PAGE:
In my opinion, Non-Alignment policies—the label under which India under Nehru and Indira Gandhi pursued India’s foreign policy tilts towards China earlier and later Soviet Union were grossly misperceived and held back India from evolving as a substantial “Natural Ally of the West” and blossoming of attributes of a Major Power.

Inia denied herself this meaningful role in global affairs. In any case India’s Non Alignment policies did not shield India from four wars of aggression against India by Pakistan and China.

The rest is history and the terminal results of the above misconceived Indian foreign policy as retrospective analysis would indicate cost India heavily geopolitically and strategically till the turn of the Millennium when India under BJPs first PM Vajpayee and US President Clinton signed the ‘Joint US-India Vision Statement for the 21st Century’ which marked the advent of the ongoing substantive US-India Strategic Partnership.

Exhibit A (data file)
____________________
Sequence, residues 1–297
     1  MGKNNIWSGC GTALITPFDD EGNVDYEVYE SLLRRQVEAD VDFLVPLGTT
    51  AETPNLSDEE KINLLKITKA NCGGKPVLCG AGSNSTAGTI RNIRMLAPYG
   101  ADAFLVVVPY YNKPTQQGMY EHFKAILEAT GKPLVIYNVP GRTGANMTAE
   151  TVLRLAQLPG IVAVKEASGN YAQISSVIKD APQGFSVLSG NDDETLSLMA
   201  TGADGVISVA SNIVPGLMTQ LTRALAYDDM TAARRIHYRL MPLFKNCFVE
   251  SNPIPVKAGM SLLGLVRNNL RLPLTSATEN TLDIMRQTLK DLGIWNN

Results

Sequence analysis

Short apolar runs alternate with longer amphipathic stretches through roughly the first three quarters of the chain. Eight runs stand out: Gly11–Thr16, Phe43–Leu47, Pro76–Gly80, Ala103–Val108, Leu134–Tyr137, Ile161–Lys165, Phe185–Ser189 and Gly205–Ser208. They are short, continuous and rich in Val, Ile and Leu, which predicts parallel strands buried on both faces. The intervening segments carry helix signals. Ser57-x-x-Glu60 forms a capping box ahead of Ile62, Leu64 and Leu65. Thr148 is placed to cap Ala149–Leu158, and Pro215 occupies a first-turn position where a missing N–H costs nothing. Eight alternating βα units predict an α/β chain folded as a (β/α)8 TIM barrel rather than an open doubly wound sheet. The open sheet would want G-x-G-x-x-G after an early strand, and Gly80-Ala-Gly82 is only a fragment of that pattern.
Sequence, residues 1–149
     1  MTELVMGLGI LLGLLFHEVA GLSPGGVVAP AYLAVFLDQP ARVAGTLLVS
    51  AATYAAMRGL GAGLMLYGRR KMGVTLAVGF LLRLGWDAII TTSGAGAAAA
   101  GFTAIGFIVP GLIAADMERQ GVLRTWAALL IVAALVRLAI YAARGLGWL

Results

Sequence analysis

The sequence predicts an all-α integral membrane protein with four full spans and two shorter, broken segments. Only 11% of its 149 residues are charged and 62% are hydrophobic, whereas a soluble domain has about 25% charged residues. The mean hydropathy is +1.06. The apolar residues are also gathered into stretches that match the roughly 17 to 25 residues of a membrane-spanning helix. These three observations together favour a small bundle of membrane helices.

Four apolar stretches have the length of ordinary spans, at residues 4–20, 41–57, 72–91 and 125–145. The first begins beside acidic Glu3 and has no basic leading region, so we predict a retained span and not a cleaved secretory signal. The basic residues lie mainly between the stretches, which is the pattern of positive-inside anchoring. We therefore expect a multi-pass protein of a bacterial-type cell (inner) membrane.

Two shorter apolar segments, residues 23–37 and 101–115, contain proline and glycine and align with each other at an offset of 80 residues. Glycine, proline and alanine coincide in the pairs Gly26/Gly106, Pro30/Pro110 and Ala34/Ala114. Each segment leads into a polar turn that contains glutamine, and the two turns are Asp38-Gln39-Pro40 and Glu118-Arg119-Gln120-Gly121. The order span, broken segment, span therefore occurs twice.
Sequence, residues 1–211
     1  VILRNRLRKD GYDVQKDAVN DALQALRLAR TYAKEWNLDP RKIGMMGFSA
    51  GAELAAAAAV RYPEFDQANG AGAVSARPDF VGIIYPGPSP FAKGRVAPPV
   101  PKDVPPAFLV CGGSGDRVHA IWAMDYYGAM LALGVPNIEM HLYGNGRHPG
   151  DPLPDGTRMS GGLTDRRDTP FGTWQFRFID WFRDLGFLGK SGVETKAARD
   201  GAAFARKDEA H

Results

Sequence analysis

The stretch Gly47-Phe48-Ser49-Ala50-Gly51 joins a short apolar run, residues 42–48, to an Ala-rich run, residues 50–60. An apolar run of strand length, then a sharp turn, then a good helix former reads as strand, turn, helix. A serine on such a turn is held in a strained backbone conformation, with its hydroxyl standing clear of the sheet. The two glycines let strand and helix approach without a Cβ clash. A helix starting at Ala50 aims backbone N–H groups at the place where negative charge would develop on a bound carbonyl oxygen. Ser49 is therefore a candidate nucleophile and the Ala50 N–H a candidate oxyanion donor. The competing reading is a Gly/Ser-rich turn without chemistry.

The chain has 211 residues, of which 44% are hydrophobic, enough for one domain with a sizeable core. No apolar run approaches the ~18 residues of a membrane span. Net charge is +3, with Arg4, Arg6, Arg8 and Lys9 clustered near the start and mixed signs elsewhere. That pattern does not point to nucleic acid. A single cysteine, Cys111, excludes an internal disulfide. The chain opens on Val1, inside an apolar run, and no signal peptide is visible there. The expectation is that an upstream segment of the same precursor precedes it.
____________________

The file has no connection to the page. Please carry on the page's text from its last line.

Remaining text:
Before proceeding further, it needs to be recorded that unlike China and the Soviet Union, the United States while initiating the US-India Strategic Partnership asserted US intentions that the United States stood committed to assist India in acquiring the status of a major player in global affairs.

The above contextual background was necessary to be briefly sketched when India currently in end 2020 is engaged in foreign policy debates initiated by remnants of Nehruvian era Non Alignment gladiators including some recently retired former Indian diplomats sniping at India’s foreign policies directions of PM Modi. The sniping is at the Foreign Minister Dr S Jaishankar but the intended target is PM Modi.

The main thrust of those now critical of India’s foreign policies in 2020 is that India’s current foreign policies are not ‘balanced’ and tilted heavily towards the United States and the West. These worthies also resent India’s diplomatic isolation of Pakistan and India’s firm postures in confronting China earlier at Dokalam and now in Eastern Ladakh.